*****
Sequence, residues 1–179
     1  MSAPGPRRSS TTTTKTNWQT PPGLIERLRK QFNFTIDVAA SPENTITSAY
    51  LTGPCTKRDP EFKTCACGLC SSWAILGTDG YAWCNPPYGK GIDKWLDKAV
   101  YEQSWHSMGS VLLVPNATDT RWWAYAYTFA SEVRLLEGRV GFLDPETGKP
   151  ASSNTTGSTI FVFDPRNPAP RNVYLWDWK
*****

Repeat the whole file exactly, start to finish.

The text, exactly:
Sequence, residues 1–179
     1  MSAPGPRRSS TTTTKTNWQT PPGLIERLRK QFNFTIDVAA SPENTITSAY
    51  LTGPCTKRDP EFKTCACGLC SSWAILGTDG YAWCNPPYGK GIDKWLDKAV
   101  YEQSWHSMGS VLLVPNATDT RWWAYAYTFA SEVRLLEGRV GFLDPETGKP
   151  ASSNTTGSTI FVFDPRNPAP RNVYLWDWK